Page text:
Tuesday, September 06, 2016

Tonight's Movie: Just Pals (1920)

Since I've recently begun enjoying Buck Jones Westerns, I've been particularly interested to look at some of his earlier work in silent movies, for directors like John Ford and Frank Borzage.

To that end I watched JUST PALS (1920), a short and sweet 50-minute film Jones starred in for Ford -- who incidentally was billed as Jack Ford, not John.

Jones was about 28 when he starred in JUST PALS as Bim, the shiftless ne-er-do-well in a small town. Bim's life is changed when he comes to the rescue of a young hobo (George Stone) caught stealing a ride on a train. Bim takes the boy under his wing and soon finds himself worrying for the first time about things like meals and education.

Bim is sweet on the schoolteacher, Mary (Helen Ferguson), who provides additional inspiration for his reformation. When Mary makes a poor decision to lend money from a school fund to oily Harvey Cahill (William Buckley), Bim comes to her rescue when the funds are needed earlier than expected, finding the money and taking blame for it having been "missing."

This is an enjoyable little film which provided me with the chance to see Jones a good decade younger than in any of his films I've seen to date. Even at that early stage of his career he was an expressive and moving actor. Jones does a fine job capturing Bim's evolution from perennially napping lazybones to concerned parental figure, finally having a reason to work, to a lovestruck, noble man.

This early work from Ford might not have his stamp on every frame, but the examination of a community is a familiar Ford theme, as seen in JUDGE PRIEST (1934) this past weekend. The juxtaposition of poignance and comedy seen in this movie is another Ford hallmark.

The film also has an unusually dark moment when Mary watches as a mother instructs her son to drown some kittens, but the little boy empties the sack out when his mother's not looking. All's well in the end but the animal lover in me had some trouble with the whole idea of that sequence! Not to mention the fact that shortly after that scene it's announced that Mary has tried to drown herself.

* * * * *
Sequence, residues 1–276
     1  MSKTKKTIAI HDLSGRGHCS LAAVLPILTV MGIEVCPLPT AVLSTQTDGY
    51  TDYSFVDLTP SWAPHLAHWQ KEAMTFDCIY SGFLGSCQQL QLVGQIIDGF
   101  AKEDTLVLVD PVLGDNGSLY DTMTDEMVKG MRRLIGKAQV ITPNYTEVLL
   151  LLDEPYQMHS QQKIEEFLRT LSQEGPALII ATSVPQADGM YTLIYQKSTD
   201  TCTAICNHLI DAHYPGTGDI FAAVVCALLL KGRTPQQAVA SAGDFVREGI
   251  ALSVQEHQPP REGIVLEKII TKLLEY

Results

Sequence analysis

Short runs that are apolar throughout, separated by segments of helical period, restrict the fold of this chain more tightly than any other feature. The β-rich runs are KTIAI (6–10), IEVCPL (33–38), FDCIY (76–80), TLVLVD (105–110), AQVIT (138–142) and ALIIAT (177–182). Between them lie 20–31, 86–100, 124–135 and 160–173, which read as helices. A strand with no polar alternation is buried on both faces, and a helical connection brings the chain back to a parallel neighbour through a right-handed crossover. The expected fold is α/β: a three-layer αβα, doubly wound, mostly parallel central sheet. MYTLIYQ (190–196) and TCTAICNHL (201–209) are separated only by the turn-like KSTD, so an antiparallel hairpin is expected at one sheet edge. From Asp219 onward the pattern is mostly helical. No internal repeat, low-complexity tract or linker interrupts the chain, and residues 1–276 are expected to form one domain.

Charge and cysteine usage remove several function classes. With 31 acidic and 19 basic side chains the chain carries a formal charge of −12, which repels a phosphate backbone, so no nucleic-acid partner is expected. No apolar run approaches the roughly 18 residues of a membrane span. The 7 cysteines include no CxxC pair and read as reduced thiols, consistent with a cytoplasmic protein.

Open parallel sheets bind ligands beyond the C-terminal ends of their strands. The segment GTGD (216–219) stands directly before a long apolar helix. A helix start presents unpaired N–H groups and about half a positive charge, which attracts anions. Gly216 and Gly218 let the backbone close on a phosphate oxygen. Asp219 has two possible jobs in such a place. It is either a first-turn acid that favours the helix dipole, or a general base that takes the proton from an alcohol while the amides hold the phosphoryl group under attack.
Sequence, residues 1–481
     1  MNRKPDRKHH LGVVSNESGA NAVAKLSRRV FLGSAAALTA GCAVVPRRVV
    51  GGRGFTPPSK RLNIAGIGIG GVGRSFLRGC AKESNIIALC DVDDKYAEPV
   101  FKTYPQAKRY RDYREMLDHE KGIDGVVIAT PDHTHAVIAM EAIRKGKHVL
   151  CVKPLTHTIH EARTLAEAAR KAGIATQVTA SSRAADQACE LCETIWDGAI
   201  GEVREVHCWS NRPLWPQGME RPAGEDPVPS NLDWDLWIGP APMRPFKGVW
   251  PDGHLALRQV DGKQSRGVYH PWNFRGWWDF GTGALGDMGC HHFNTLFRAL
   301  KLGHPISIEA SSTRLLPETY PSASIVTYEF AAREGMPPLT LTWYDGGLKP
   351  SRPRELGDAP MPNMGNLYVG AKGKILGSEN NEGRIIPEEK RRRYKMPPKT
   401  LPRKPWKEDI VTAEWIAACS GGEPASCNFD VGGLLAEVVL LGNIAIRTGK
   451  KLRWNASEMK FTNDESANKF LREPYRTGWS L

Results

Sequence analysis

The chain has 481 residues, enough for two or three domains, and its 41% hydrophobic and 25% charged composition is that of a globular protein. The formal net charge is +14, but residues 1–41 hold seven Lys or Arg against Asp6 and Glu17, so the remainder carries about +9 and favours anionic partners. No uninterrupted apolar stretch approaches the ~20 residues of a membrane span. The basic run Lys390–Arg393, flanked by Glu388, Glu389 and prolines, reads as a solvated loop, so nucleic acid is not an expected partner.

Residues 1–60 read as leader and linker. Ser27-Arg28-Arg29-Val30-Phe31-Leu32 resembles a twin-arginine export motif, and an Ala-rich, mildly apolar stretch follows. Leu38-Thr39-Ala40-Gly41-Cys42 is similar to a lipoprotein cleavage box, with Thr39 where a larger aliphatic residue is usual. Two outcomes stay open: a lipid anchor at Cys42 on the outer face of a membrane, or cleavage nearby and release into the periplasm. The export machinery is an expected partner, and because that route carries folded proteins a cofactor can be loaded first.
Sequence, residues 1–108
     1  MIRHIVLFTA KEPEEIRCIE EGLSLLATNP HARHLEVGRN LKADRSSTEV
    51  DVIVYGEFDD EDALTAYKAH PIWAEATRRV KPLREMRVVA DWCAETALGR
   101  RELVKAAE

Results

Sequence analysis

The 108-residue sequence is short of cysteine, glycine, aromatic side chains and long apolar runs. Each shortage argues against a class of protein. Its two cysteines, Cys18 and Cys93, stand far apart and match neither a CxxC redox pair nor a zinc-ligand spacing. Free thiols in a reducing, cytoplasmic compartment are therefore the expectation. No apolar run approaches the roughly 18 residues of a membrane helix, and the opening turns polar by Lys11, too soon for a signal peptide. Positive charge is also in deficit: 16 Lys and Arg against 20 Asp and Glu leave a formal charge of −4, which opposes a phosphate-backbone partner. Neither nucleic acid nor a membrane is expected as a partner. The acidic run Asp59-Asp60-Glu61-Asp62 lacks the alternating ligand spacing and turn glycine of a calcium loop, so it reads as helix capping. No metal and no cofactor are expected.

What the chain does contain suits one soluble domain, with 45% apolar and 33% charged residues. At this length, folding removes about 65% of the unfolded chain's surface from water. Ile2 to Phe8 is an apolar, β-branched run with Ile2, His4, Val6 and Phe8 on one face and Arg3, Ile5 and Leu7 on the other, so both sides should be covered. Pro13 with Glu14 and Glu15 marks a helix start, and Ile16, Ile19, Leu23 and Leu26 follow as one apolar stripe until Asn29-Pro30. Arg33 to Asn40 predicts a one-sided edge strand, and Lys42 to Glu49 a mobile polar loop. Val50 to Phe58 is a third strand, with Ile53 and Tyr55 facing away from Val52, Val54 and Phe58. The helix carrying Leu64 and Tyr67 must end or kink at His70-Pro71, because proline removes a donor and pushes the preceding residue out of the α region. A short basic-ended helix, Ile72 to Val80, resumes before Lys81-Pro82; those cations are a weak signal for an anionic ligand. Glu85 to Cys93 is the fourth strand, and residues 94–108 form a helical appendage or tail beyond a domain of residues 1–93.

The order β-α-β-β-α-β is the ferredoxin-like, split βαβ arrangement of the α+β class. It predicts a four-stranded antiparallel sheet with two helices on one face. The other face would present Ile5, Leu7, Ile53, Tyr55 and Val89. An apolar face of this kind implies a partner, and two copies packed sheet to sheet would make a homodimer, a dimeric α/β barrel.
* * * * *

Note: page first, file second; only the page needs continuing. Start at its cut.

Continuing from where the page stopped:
JUST PALS was filmed by George Schneiderman.

JUST PALS is available on DVD in the big Ford at Fox Collection as well as in the smaller John Ford's Silent Epics Collection.

Previous Buck Jones reviews: THE DEADLINE (1931), RIDIN' FOR JUSTICE (1932), UNKNOWN VALLEY (1933), THE MAN TRAILER (1934), BOSS OF LONELY VALLEY (1937), ARIZONA BOUND (1941), and THE GUNMAN FROM BODIE (1941).


Blogger Mary-Catherine said...

Happy to find that you enjoyed this one, the only Buck Jones silent I've seen so far. Also pleased to see you now describe him as an "expressive and moving actor," which description I entirely agree with! Sounds like he's grown in your estimation since the first film of his you reviewed.

The horrible "kittens in a sack" tradition is painful for me to watch as well. But at least these kittens fared better than the ones in SWAMP WATER (1941)... gosh, "Big Boy" Williams and Ward Bond were horrible characters in that one (I hope you've already seen it, otherwise I've probably scared you off.)

Anyway, thanks for the review, and I agree, "short and sweet" sums the film up nicely :-)

2:16 PM  
Blogger Laura said...

Hi Maricatrin,

Great to hear from you! Yes, after watching him closely in several films I definitely see more in Jones's performances than I initially did. I'm enjoying his films a great deal, to date they have all been well made and some have been even better than that.

Thanks for chiming in with your take on this early Ford and Jones film!

Best wishes,

10:28 PM  

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